Democrats ‘did not listen’ to voters, warns party strategist


Joe Biden
President Joe Biden speaks about threats to democracy ahead of next week’s midterm elections, Wednesday, Nov. 2, 2022, at the Columbus Club in Union Station, near the U.S. Capitol in Washington. (AP Photo/Alex Brandon) Alex Brandon/AP

Democrats ‘did not listen’ to voters, warns party strategist

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President Joe Biden has warned in the waning days of the midterm election cycle that democracy is under threat if Republicans triumph, arguing in speeches across the country that voters must consider this choice when they cast their ballots on Nov. 8.

Yet Biden’s closing message is drawing skepticism from Democrats who suggest it’s a distraction from the economic concerns weighing on the electorate.

“I’m a loyal Democrat, but I am not happy. I just think that we did not listen to voters in this election, and I think we are going to have a bad night,” Democratic strategist Hilary Rosen said during a Sunday appearance on CNN.


“When voters tell you over and over and over again that why care mostly about the economy, listen to them,” Rosen said. “Stop talking about democracy being at stake.”

He’s not the only one to suggest Democrats are misfiring when it comes to messaging.

“I’ve been saying for months that we need to frame this election as an economic choice,” Rep. Ro Khanna (D-CA) told USA Today.

Republicans hold a 14-point lead on the economy and a 12-point lead on inflation when adults are asked which party they believe would do a better job in handling each issue, according to a new Washington Post-ABC poll. The party also has an edge with independent likely voters, who favor Republicans at 53%, compared to Democrats at 45%.

Still, the survey suggests that Biden’s focus on threats to democracy isn’t entirely ill-founded. Twenty-one percent of likely voters said it was among their foremost concerns, the same share who named rising costs.

On Wednesday, Biden delivered hastily announced remarks “on standing up for Democracy” to an audience near the Capitol, pressing voters to put the issue on the ballot, just as he had made the case with abortion over the summer. “We’re often not faced with questions of whether the vote we cast will preserve democracy or put us at risk, but this year we are,” Biden said.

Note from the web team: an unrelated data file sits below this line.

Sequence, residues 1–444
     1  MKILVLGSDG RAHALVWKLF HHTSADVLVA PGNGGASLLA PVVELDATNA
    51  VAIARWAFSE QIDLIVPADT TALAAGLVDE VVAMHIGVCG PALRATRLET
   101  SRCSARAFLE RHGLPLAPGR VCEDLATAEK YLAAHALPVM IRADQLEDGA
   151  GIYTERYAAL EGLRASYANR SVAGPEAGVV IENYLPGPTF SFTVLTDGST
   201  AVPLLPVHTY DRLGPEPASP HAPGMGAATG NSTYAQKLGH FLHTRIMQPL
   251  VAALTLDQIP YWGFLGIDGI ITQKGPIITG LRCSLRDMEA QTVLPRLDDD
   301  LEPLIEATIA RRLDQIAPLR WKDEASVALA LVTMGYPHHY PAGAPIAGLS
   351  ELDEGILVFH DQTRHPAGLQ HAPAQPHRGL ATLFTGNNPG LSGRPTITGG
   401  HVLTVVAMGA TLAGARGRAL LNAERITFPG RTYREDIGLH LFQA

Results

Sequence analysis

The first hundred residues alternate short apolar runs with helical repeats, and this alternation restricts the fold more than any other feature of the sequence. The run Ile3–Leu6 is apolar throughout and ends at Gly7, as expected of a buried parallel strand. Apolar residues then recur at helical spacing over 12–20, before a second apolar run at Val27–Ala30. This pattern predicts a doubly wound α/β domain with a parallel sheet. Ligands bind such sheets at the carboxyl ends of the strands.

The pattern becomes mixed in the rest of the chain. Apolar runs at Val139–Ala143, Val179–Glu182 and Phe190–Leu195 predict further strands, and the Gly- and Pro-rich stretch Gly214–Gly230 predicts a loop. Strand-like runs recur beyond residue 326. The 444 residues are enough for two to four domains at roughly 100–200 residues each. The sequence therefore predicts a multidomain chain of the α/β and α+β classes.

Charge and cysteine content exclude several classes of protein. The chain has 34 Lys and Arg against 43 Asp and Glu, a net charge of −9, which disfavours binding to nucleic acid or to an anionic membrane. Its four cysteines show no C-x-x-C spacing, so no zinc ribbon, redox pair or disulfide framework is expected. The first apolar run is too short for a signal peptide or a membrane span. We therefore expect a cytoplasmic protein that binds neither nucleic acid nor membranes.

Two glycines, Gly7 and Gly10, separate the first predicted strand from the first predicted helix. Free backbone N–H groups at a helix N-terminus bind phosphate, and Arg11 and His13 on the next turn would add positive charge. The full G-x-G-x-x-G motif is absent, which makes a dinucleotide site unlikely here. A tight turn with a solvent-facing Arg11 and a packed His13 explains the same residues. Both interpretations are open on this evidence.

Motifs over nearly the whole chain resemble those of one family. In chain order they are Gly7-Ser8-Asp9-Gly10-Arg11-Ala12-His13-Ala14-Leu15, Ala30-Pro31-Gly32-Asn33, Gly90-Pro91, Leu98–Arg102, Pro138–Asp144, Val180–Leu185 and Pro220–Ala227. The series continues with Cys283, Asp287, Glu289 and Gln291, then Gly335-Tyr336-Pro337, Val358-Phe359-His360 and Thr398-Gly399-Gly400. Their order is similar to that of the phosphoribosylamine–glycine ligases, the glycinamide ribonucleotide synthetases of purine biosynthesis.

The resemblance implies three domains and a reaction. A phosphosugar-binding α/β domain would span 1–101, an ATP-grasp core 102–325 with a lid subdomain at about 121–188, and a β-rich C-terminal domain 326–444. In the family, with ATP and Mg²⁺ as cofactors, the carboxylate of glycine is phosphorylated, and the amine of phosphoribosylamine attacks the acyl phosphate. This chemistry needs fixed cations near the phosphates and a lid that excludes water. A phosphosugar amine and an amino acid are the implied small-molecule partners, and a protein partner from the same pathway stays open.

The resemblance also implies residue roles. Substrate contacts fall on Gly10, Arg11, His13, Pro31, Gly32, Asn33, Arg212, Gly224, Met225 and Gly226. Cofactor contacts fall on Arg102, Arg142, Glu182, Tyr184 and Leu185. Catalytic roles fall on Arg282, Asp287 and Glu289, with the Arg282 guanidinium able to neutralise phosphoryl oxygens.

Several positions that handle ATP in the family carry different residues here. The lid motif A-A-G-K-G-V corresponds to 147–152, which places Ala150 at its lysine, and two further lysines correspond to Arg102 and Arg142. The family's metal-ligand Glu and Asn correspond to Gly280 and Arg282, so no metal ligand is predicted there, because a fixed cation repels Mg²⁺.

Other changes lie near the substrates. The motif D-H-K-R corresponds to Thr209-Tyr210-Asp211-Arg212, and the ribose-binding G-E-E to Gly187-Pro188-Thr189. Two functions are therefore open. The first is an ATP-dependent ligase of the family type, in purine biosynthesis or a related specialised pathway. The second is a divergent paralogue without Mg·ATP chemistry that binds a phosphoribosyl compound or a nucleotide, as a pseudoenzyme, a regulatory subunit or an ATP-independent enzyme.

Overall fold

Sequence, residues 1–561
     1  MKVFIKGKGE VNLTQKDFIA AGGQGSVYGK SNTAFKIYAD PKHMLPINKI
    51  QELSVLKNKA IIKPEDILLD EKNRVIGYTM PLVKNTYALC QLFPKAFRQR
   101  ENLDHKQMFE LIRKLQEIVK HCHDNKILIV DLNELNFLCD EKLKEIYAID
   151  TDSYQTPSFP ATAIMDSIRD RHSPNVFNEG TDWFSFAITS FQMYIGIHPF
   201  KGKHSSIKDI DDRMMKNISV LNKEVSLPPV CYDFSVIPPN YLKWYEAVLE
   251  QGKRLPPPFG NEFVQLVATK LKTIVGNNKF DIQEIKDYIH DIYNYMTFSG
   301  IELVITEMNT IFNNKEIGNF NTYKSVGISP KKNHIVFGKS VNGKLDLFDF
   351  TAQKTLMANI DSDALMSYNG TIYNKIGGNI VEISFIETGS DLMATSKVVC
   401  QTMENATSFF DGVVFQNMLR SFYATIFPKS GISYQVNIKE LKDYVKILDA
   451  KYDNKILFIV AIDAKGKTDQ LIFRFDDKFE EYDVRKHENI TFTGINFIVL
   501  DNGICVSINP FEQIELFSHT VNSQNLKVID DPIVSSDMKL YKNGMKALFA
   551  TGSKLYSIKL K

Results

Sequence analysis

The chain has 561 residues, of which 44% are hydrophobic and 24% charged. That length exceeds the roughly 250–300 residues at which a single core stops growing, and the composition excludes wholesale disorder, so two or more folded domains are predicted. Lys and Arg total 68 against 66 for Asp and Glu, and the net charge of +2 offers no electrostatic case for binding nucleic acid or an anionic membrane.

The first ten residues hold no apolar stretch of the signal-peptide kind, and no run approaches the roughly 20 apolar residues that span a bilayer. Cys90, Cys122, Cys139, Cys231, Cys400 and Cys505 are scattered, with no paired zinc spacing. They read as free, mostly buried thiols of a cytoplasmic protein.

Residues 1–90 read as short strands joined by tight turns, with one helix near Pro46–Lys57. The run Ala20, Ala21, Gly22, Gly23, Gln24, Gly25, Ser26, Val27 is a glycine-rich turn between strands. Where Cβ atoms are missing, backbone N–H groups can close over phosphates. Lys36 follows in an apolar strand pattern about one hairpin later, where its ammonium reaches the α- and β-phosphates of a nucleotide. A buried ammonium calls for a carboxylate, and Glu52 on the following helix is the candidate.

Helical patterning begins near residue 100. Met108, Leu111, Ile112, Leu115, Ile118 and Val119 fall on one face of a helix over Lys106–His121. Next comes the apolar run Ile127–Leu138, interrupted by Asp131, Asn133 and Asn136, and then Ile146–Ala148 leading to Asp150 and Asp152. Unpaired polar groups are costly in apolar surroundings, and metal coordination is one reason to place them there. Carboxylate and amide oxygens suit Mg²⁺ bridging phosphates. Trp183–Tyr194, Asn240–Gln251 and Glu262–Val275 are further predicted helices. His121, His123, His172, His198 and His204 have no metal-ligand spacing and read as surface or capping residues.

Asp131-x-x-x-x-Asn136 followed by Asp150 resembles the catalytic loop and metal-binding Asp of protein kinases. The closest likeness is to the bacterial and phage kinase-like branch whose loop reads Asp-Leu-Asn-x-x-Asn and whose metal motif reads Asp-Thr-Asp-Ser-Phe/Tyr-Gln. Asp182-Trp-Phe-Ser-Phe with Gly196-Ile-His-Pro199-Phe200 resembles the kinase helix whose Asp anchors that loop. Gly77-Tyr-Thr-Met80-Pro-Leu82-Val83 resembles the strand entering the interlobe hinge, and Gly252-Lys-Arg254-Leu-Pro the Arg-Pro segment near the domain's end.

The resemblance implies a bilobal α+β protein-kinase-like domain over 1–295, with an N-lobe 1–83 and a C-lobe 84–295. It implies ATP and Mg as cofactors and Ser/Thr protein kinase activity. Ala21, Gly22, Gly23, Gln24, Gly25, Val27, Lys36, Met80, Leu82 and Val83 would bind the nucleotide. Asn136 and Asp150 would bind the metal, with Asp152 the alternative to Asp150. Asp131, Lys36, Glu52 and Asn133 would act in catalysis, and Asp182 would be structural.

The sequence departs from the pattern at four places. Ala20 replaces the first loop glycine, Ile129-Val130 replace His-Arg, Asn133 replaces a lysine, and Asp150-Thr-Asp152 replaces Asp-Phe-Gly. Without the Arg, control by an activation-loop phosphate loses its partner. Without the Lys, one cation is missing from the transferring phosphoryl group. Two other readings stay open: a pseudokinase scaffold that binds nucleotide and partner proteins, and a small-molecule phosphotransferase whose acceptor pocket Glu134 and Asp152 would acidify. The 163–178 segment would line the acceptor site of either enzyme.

In a worrying sign for Democrats, the shift toward Republicans among key groups suggests voters are not persuaded by the president’s messaging.

White suburban women, who make up 20% of the electorate, favor Republicans in congressional races by 15 percentage points, a 26-point swing since August, according to the Wall Street Journal.

The survey showed more than half believe the United States is already in a recession, while 74% say the economy is headed in the wrong direction. The group helped Democrats secure a majority in the House in 2018 and propel Biden to victory two years later.

But Democrats are struggling to rouse women and other groups, such as Latino voters, amid questions about Biden’s leadership on the economy, including in key races that could decide control of the Senate.

Rosen said Biden’s low approval appears to be hurting Democrats in these states, while their opponents benefit from popular top-of-the-ticket Republicans.

In Arizona, incumbent Sen. Mark Kelly (D-AZ) has struggled to put away his Republican challenger, Blake Masters, with Republican gubernatorial candidate Kari Lake at the top of the ticket.

“Mark Kelly’s popular, but Kari Lake is more popular, and the combination of Kari Lake’s popularity and Joe Biden’s unpopularity is going to hurt Mark Kelly,” Rosen said. “We’re in trouble because of the top of the ticket.”


Kelly leads Masters by 1 percentage point, according to a RealClearPolitics average, which ranks the race as a “toss-up.”

Biden’s approval is at 41%, up slightly since October, but with 53% disapproving, according to the Washington Post-ABC News poll.

© 2022 Washington Examiner

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